On Sunday a former colleague in Korea posted on Facebook that he was attending a performance of the musical Cats in Seoul. Someone else asked him if it was in English or Korean. He replied that it was in English, without mentioning whether the performers were Korean or foreign. I later discovered that the production is, in fact, Australian.
Translating any poetry is difficult, given the competing requirements of meaning, meter and sound, especially in this case Eliot’s idiosyncratic English and Lloyd Webber’s world-famous music. Despite all that, Cats has been translated – Wikipedia says into more than 20 languages (with citing a source), and the show’s official website says 15 languages. Neither source lists the translations.
One obvious problem with any translation is the words cat and cats, which are so important in the meter of the poems and the rhythm of music. These are not necessarily one syllable in other languages. Taking four major European languages as examples, only French (chat, chats) has monosyllable equivalents, while German (Katze, Katzen), Italian (gatto, gatti) and Spanish (gato, gatos) have bisyllabic ones. The situation is even worse in Korean, where cat is 고양이 (go-yang-i) and cats is either 고양이 or 고양이들 (go-yang-i-deul – the plural marker is optional and usually omitted). So 고양이들 has as many syllables as ‘Jellicle cats’. (Google Translate translates ‘Jellicle songs for Jellicle cats’ (9 syllables) as ‘젤리 클 고양이의 젤리 클 노래’ (12 syllables).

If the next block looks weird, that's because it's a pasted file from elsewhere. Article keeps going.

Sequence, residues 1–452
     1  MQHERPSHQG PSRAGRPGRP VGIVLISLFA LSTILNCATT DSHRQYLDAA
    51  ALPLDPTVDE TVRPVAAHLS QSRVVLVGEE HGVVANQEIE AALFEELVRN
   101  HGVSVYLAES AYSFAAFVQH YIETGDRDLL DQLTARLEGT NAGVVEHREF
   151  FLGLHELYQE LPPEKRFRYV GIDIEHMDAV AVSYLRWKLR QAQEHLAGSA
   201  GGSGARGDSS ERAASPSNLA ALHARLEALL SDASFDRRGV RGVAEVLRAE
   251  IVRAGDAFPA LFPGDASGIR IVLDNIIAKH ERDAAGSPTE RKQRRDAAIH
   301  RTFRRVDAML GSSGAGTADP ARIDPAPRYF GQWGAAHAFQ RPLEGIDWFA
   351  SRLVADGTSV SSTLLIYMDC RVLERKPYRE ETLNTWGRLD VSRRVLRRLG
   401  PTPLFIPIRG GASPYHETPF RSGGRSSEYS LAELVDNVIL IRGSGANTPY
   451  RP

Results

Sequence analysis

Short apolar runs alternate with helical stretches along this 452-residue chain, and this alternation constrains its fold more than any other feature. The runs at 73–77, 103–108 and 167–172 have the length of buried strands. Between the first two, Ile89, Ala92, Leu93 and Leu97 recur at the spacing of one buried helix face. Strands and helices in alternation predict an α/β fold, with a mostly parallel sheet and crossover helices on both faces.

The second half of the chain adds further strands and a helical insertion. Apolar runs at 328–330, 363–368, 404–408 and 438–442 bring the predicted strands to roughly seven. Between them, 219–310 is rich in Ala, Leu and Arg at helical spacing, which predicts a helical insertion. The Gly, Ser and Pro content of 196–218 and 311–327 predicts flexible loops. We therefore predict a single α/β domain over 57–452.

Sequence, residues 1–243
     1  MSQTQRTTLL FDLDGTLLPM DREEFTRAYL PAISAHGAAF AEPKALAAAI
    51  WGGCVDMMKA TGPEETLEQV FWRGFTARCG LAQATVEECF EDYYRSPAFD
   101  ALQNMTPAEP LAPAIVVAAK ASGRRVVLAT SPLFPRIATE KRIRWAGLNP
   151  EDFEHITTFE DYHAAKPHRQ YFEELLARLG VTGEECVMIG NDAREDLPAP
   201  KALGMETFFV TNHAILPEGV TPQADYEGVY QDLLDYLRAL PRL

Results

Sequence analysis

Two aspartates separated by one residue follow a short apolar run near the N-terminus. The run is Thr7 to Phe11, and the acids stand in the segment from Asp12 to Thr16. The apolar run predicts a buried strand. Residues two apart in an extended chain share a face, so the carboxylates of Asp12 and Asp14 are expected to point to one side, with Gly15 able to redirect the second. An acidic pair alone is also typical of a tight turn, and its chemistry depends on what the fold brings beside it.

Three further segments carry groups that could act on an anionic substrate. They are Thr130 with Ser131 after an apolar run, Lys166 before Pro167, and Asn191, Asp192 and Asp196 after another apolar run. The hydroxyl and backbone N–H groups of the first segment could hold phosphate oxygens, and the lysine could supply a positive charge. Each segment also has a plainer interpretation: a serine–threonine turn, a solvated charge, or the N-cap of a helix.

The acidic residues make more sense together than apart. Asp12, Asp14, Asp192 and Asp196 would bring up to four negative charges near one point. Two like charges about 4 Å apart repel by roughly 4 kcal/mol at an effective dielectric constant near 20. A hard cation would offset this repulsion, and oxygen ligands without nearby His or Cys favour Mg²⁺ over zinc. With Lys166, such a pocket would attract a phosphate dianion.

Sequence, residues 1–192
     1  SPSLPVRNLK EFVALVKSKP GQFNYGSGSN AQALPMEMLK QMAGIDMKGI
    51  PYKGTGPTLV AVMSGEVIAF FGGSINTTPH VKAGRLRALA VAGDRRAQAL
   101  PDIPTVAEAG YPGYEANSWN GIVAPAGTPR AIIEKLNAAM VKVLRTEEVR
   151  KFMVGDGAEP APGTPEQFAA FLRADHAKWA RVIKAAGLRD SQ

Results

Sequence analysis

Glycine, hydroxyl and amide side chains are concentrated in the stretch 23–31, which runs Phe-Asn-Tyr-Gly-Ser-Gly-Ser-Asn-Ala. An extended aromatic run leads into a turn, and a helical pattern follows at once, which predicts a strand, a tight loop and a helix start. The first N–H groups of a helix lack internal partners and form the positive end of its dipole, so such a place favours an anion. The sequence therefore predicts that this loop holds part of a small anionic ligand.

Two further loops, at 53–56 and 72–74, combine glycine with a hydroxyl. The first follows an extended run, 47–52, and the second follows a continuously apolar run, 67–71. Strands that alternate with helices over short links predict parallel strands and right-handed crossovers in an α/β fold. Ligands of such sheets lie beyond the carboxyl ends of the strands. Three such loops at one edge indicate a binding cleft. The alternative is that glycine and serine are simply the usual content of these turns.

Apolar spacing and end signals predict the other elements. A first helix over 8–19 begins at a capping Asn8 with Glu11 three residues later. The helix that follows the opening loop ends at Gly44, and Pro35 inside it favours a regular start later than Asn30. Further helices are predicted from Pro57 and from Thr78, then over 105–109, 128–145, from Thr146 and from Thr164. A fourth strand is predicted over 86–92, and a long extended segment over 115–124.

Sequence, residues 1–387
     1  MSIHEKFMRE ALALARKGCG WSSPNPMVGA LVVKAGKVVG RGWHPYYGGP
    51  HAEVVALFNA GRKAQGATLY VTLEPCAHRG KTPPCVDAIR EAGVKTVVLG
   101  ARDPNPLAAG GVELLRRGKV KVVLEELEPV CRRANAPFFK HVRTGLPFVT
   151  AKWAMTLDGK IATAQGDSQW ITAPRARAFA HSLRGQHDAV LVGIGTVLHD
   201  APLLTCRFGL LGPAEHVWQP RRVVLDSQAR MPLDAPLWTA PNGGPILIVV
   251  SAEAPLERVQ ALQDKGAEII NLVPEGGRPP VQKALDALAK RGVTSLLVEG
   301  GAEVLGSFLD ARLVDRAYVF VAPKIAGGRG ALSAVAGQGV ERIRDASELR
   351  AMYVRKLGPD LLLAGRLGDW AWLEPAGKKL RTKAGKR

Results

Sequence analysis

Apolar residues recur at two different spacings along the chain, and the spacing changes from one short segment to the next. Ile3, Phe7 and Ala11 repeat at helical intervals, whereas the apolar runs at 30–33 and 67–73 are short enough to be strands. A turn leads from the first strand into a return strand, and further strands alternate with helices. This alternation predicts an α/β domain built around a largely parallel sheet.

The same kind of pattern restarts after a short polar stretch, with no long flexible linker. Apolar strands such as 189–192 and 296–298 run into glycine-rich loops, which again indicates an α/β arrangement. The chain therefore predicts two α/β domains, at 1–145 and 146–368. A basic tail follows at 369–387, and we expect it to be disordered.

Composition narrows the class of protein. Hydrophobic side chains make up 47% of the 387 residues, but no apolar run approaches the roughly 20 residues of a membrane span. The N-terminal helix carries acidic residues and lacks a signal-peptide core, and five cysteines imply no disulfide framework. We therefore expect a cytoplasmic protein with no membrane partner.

From what I’ve found on this internet, all the publicity for this production in Seoul uses the English word Cats. I also found another production called Original 어린이 캣’s (Original children cat’s) which played in Seoul from late 2016 to mid-2017 (I saw posters for this in Daejeon before I left there in August 2016).
I’ve got more to say about this, but I need to do more research.